Over the decade ending 2011, there was a 39 percent rise in the number of single Indian women — including widows, divorcees and unmarried women, and those deserted by husbands — IndiaSpend reported in November 2015. However, the number of bachelors (58 per cent) still exceeds unmarried women, according to the Census data, indicating higher pressure on women to get married.
On October 7, the Law Commission published a list of 16 questions seeking public opinion on the need for a Uniform Civil Code for India. Apart from probing citizens’ perception of gender equality in prevalent personal laws across religions, a question asked if the practice of triple talaq should be abolished, continued or amended. Another question sought views on strengthening Hindu women’s rights to inherit property.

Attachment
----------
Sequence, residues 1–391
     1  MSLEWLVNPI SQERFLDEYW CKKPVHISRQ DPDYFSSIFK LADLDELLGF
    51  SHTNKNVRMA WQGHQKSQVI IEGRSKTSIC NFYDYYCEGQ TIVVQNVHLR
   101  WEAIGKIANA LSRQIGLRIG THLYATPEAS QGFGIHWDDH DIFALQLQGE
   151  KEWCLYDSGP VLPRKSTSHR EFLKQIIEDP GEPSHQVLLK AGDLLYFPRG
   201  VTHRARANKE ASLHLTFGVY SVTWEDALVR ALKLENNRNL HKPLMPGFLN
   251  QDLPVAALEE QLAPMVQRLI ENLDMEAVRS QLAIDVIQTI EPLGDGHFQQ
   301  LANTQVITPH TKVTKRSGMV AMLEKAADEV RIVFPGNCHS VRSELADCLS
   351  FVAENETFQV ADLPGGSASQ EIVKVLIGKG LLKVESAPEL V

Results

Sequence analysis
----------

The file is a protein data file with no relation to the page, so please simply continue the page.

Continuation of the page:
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The Muslim Personal Law Board has criticised the legal panel’s exercise, claiming the Law Commission is not acting independent of the central government that opposed the triple talaq law in Supreme Court the same day. Responding to a batch of public interest litigations filed by NGOs and women’s rights groups on the issue, the Centre said the practice cannot be regarded as an essential part of religion.
“There are gender discriminatory personal laws across India’s religious communities — not merely among Muslims. Though it claims to aid vulnerable sections, the Law Commission’s plans for the Uniform Civil Code do not deal with these in the right spirit. The uniformity it speaks of would only dilute India’s plural cultures while bringing in the same patriarchal bias,” Khan said.
Hindus comprise about 80 percent of India’s population, while Muslims account for 14.23 percent. Christians, Sikhs, Buddhists, and Jains comprise 2.3 per cent, 1.72 per cent, 0.7 per cent and 0.37 per cent, respectively, of the population.(IANS)